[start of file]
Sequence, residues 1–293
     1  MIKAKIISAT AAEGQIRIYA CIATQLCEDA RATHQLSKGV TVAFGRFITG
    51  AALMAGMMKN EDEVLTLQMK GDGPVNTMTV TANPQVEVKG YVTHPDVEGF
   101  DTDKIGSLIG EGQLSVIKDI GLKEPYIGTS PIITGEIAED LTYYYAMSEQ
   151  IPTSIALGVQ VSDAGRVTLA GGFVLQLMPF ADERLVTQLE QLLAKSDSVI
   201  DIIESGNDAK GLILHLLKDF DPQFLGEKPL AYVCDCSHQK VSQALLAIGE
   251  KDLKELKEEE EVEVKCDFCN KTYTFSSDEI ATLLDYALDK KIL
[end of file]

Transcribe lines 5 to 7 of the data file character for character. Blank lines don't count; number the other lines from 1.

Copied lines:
   151  IPTSIALGVQ VSDAGRVTLA GGFVLQLMPF ADERLVTQLE QLLAKSDSVI
   201  DIIESGNDAK GLILHLLKDF DPQFLGEKPL AYVCDCSHQK VSQALLAIGE
   251  KDLKELKEEE EVEVKCDFCN KTYTFSSDEI ATLLDYALDK KIL